Their love stories span the decades. As loved ones prepare to celebrate Valentine’s Day on Feb. 14, northeast Indiana couples share their stories of how they met, married, attended college, raised families, pursued careers and how their relationships have continued to bloom and deepen through the ages.
Diane Mitchell uses Bible verses from I Corinthians 13: 4-8, to describe the union of her parents, Wayne and Martha Smith of Auburn.
“Love is patient, love is kind. It does not envy, it does not boast, it is not proud. It is not rude, it is not self-seeking, it is not easily angered, it keeps no record of wrongs. Love does not delight in evil but rejoices with the truth. It always protects, always trusts, always hopes, always perseveres, Love never fails.”
“My brothers and I would say these Bible verses describe how our parents treat others and each other,” Mitchell said.
“Very importantly, they ‘walked the talk.’ They were not just Sunday Christians.”
The Smiths met as teenagers at Fort Wayne Gospel Temple. She was 15 and he was 17. Now they have been married for 71 years, have raised four children, Dianne, Scott, Mark and Brent, and enjoy seven grandchildren and 18 great-grandchildren.
Recalling their meeting at the Gospel Temple, Wayne said he played the clarinet in a church band and Martha sang in the choir. On one occasion, while Wayne collected the band music and Martha collected the choral music, he asked her if she had a way home. Martha told him her sister was taking her, so the next Sunday night he took a different approach.
“I said, ‘May I take you home?’ and she said ‘Yes,’” Wayne said with a smile. They enjoyed their first date at Coney Island in Fort Wayne.
The couple both graduated from South Side High School in Fort Wayne and were married in 1948. They both went on to attend and graduate from Northwest College and Seminary in Minneapolis, Minnesota. While in Minneapolis, Wayne started preaching at a small church on weekends. The couple would travel to the church, about 100 miles away, on Friday or Saturday, and stay in the different homes of the church’s congregants.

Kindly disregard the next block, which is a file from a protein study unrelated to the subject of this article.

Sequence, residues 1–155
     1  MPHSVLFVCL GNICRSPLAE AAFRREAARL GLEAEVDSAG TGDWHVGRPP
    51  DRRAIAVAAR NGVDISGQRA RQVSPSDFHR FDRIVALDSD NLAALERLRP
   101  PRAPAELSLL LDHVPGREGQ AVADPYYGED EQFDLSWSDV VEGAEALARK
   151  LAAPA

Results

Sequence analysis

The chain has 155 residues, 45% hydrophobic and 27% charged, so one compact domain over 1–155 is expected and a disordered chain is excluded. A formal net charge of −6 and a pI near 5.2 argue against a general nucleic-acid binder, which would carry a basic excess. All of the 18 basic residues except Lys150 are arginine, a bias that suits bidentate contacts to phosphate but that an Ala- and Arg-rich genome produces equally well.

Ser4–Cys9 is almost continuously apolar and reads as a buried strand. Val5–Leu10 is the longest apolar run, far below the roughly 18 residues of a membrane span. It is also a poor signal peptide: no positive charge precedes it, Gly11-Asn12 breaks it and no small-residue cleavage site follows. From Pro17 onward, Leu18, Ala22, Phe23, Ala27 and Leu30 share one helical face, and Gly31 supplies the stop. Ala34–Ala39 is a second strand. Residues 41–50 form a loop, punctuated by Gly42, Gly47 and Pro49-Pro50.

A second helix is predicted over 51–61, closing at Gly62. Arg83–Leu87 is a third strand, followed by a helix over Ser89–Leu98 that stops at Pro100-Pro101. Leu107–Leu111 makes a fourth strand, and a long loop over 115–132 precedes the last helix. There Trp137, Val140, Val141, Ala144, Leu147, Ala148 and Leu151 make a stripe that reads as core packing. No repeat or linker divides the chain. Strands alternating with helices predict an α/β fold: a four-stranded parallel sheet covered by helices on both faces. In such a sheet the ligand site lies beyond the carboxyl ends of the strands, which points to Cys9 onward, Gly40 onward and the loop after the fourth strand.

“Most of them were farmers,” Wayne said. After Wayne had preached at the morning and evening services on Sundays, the couple would make the return 100-mile trip back to Minneapolis.
The Smiths eventually would move to Michigan, where they pastored the Tuscola Community Church.
“Martha directed the choir, taught Sunday School and worked with the youth. I let her do all the work. I was just the preacher,” Wayne quipped.
The couple then were called to a Baptist church in Pontiac, Michigan, before coming to Bible Baptist Church in Auburn in 1965. They started Faith Christian Academy in 1976, which is now Lakewood Park Baptist Church and School. The school and church originally were located at Jackson and 18th streets in Auburn, before moving in the early 1980s to the current location on C.R. 29 south of the city.
“Martha did everything,” Wayne said of his wife’s role at the church. She was the secretary and involved in the church’s choral programs, in addition to being the pastor’s wife.
“What else were you?” he asked Martha.
“That’s enough,” she responded with a chuckle.
Wayne would serve as senior pastor at the church until 1984 and assistant pastor until he retired at age 75.